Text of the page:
Macondo Awards: the best of Colombian cinema

On Saturday, November 17, the Macondo Awards were presented, which celebrate the best of Colombian cinema in the last year. Find out here about the winners

Macondo Awards: the best of Colombian cinema

If you want to support the Colombian national cinema and do not know how, find out here about the winners of these awards and update yourself with the latest films from our cinema. These awards are granted by the Colombian Academy of Cinematographic Arts and Sciences (ACACC), which celebrate and promote the films of Colombian directors and producers to promote national cinema.

Leer en español: Premios Macondo: lo mejor del cine colombiano

Who are they?

The Colombian Academy of Cinematographic Arts and Sciences was founded in 2009 and has already organized seven versions of the Macondo Awards. According to the description on its website, it is a private non-profit entity, so it is completely foreign to any political or ideological entity, which makes it free and autonomous.

This allows the diversity between the projects and the films that promote because it does not obey any political agenda and accepts any type of production. It has more than 450 members that bring together professionals from the film industry in thirteen specialties: production, directing, interpretation, script, editing, the direction of photography, art direction, original music, costume design, sound design, production management, Makeup, and VFX design.

The ACACC awards, then, the Macondo awards, which "are recognition of the pursuit of artistic, technical and narrative excellence of Colombian cinematography", according to the same ACACC. The nominees and winners are chosen by the members of the association.

Read also: 5 Latin American cinema classics that you should see

The winners

This is the list of winners this year of the Macondo Awards, given at the Ágora Convention Center in Bogotá and celebrating the film productions premiered from July 2017 to June 2018:

Kill Jesus (Matar a Jesús)

This movie won in the categories of Best Film of the Year, Best Director (Laura Mora), Best Supporting Actor (Camilo Escobar), Best Screenplay (Laura Mora and Alonso Torres), Best Sound (Carlos E. Lopera, Gerardo Kalmar, and Guido Berenblum.

Official synopsis: Paula is a 22-year-old girl who witnesses the murder of her father, a very popular political science professor at the public university of Medellín. Seeing that the authorities make no effort to resolve the event and find her father's killer, Paula and her family are forced to act on their own once the case has been filed and suspended by the police. A couple of months after the murder, Paula crosses paths with Jesus, the young man who committed the crime, which will cause him an internal struggle between his morality and the desire to avenge the death of his father.



Amazon (Amazona)

This movie won in the categories of Best Documentary, Best Editing (Gustavo Vasco) and Best Original Music (Camilo Sanabria).

Official synopsis: This is the story of Val and Clare, a mother, a daughter. After the tragic death of her eldest daughter, Val leaves behind her children and her family and goes IGNORE INTO the Colombian jungle. Clare Weiskopf, director of this film, was then 11 years old and could not understand what her mother was looking for. Thirty years later, Clare becomes pregnant and decides to confront her mother to heal the wounds of the past and define motherhood on her own terms. Together they will embark on a journey towards the most intimate part of their relationship, which will lead them to explore the border between responsibility and freedom, guilt and sacrifice. What does it mean to be a good mother?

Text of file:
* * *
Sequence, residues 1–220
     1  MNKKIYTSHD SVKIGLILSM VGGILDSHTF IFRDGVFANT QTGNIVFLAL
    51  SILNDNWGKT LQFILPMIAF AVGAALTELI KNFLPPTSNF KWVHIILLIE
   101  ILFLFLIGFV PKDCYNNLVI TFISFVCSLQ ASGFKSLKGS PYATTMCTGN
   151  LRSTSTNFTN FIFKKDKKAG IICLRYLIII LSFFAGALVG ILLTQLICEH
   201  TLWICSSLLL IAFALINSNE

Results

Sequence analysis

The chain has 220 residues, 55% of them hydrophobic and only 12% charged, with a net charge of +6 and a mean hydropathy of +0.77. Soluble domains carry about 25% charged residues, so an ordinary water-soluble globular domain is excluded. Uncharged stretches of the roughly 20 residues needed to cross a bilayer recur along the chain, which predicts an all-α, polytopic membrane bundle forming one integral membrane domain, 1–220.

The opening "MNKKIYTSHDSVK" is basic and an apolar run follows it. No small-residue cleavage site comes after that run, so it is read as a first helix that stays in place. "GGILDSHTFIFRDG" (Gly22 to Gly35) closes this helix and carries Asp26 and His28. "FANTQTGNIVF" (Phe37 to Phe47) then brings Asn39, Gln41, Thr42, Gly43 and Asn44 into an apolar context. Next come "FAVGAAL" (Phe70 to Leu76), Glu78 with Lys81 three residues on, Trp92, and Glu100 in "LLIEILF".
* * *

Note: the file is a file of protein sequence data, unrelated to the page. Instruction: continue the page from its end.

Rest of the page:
Tropical Virus (Virus Tropical)

This movie won in the categories of Best Animation and Best Original Song (Adriana García).

Official synopsis: Paola belongs to a traditional Colombian family, or that's what they try to be. His father is a priest, his mother is a "medium" and his sisters are not what the parents expected. Paola is a young Latin American woman who fights for her independence in a difficult context.



Amalia, the secretary (Amalia, la secretaria)

This movie won in the categories of: Best Leading Actress (Marcela Benjumea), Best Leading Actor (Enrique Carriazo) and Best Supporting Actress (Patricia Tamayo).

Official synopsis: Amalia is an efficient secretary who keeps the office environment under control. When a messy technician named Lazaro appears in the office, the balance created meticulously by Amalia breaks down .


Salt (Sal)

He won in the categories of: Best Art Direction (Marcela Gómez), Best Direction of Photography (David Gallego), Best Costumes (Ana María Acosta).

Official synopsis: Heraldo crosses the vast desert on his old motorcycle to reach the high mountains and find the town of his missing father. But the road is thorny and Heraldo falls with his motorcycle to a deep abyss. There two hermits, Solomon and Magdalena, heal him with cactus and salt. But only by appeasing his mind will he be able to return to the route and thus accelerate his motorcycle to advance ... or return.



Seven Heads (Siete Cabezas)

Won in the categories of: Best Makeup (Liliana Cabrejo) and Best VFX (Hector Acosta).

Official synopsis: Marcos, a retired park ranger, sees the fragile equilibrium he had achieved in the isolation of a natural park collapsed, when a couple of biologists arrive to investigate a strange animal mortality. When the desire for women becomes uncontrollable and as the mortality grows larger and larger, the seven-headed monster that Marcos tried to control again awakes and the Apocalypse narrated in the Bible begins to come true.



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LatinAmerican Post | Juliana Rodríguez Pabón

Translated from: 'Premios Macondo: lo mejor del cine colombiano'

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